Yeonmi Park, center, with members of the UW student club The Human Rights in North Korea (THINK). THINK tries to raise awareness for human rights for North Koreans by inviting North Korean defectors to campus to tell their stories. • Photo by Chetanya Robinson
Yeonmi Park, center, with members of the UW student club The Human Rights in North Korea (THINK). THINK tries to raise awareness for human rights for North Koreans by inviting North Korean defectors to campus to tell their stories. • Photo by Chetanya Robinson

Yeonmi Park is 22, but she’s seen more tragedy and horror than most people have in their whole lives. After escaping from North Korea in 2007 at the age of 13, she and her mother faced hunger, exploitation, and detention on the way to the safety and freedom of South Korea. Park now lives in New York. She released a memoir in September 2015.

Park told her story at the University of Washington on January 16 to a crowded room in the UW’s East Asia library—seats ran out quickly and dozens of people had to stand.

The event was organized by a student club on campus called The Human Rights in North Korea (THINK), which has hosted several North Korean refugees speakers previously. The club’s founder Hwayeon Myeong was a human rights activist while an undergraduate in South Korea. Myeong said she hopes talks by North Korean defectors can inspire real action.

“We are trying to make people engage in actions that have legal power or can lead to social movements,” she said. “I think [a] personal story really matters because their voice makes people realize that they are human beings like us, just around us, and it’s really immoral to not take any actions for them, because their story is real.”

Park recently became famous around the world after she gave a much-watched speech at the One Young World Summit in Dublin.

Though Park speaks English, she told her story in Korean, so that Korean immigrant communities could be included. The talk was translated into English by THINK alumni advisor Jessica Kim.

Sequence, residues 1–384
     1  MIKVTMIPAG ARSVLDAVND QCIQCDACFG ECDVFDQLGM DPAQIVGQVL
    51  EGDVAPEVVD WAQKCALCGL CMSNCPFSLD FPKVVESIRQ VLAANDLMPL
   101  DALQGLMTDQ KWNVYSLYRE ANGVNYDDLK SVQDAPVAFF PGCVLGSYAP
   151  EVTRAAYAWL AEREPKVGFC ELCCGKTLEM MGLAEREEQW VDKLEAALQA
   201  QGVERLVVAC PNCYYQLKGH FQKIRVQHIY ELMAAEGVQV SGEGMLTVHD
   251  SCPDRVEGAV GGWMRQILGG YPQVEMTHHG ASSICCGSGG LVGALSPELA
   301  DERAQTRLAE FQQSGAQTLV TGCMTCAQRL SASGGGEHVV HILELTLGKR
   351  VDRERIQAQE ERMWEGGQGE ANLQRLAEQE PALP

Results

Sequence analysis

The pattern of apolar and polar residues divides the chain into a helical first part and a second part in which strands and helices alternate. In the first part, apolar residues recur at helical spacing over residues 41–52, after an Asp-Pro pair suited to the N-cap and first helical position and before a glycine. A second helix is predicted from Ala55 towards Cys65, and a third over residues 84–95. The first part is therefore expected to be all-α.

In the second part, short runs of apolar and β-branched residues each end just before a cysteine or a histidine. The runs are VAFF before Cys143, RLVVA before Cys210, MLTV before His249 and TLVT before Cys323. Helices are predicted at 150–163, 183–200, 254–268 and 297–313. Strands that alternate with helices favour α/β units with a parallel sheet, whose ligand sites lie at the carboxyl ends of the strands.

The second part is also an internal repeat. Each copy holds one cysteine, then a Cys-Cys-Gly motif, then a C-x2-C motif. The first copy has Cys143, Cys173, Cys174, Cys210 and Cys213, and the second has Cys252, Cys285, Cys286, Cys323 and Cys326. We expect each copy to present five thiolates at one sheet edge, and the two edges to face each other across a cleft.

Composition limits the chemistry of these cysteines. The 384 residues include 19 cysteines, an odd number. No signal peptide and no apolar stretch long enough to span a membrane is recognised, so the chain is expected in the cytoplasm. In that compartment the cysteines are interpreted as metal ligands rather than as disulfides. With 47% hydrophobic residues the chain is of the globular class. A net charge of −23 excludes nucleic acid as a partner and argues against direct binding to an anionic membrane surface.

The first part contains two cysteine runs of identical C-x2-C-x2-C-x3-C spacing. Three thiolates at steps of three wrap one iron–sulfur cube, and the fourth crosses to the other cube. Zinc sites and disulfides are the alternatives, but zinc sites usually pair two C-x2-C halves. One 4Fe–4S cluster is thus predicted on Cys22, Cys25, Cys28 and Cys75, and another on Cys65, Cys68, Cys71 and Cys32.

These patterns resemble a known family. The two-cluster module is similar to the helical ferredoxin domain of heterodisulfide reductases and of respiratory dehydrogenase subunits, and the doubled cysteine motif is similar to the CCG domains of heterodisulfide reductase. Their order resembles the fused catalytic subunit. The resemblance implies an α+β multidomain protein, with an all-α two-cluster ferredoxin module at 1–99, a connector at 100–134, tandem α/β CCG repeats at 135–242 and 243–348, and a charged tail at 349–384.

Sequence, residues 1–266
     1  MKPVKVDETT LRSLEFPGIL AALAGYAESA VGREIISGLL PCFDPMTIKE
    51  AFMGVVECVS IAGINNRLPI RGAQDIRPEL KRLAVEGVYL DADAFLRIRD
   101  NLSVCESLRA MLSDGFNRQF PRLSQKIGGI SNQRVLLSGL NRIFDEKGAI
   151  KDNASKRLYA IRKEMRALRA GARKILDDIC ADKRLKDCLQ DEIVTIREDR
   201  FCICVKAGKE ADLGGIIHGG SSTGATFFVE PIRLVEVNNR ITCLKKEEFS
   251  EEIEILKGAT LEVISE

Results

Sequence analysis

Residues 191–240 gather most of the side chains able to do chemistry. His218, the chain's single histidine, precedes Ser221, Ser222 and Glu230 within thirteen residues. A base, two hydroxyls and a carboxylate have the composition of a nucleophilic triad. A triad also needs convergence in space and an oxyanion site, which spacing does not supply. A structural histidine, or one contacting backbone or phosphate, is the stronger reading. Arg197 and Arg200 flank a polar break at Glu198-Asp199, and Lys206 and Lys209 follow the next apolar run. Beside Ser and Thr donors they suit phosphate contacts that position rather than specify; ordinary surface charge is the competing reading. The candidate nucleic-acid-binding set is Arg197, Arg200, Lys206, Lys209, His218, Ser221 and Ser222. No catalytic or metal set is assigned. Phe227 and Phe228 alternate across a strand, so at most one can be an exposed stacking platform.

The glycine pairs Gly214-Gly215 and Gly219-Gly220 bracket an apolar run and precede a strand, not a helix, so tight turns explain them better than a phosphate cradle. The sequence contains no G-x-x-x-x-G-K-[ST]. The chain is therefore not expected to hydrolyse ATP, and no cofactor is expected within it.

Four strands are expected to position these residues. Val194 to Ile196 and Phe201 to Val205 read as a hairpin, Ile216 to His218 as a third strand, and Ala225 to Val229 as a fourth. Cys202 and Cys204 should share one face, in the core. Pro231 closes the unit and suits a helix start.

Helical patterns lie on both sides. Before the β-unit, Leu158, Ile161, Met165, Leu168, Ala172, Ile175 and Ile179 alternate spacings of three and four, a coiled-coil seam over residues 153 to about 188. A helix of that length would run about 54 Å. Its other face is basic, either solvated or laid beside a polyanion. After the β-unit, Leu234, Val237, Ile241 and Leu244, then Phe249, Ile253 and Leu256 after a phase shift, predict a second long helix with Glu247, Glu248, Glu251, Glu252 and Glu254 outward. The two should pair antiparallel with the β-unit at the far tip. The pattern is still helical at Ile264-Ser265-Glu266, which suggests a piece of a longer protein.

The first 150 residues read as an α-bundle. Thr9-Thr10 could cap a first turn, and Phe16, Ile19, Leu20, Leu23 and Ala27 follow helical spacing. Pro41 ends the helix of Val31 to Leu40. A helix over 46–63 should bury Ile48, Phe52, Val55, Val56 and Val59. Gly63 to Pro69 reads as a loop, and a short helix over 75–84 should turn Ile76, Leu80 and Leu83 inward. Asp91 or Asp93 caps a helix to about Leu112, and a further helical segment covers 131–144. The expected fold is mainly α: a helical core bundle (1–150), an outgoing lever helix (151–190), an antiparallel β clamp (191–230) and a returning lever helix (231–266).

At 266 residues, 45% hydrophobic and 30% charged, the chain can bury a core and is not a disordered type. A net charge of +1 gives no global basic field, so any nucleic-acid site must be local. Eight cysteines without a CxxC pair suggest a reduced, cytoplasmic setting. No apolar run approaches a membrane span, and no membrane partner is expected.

Park told of growing up in a small town in North Korea, with two parents and a sister. “We were a normal family,” she said. “At the time I had no idea North Korea was an enclosed country.”

Propaganda suffused everyday life. In school Park recalled a question in math class: If two people each killed two Americans, how many dead Americans would there be?

Park’s father was arrested and imprisoned for illegally trading precious metals, and her mother was also taken in for questioning. Park and her sister, ages nine and 11, had to survive and feed themselves on their own. Three years later her father was released, and the family moved to a town near the border with China. Park remembered seeing lights across the border in China. “How can they have lights and we don’t?” she wondered.

Hunger was the main driver for the family’s escape from North Korea into China.

“At the time our hope wasn’t to get better lives or a better future, it was more like we’re so hungry, we need to feed ourselves,” she said.

Park’s sister left for China with a friend, and Park and her mother soon followed, aided by a people smuggler. Park thought things would get better.

“When I was leaving I thought wow, this must be the end of my suffering, and I was hoping for a better future with food and money, but when I entered China it was like starting living in hell.”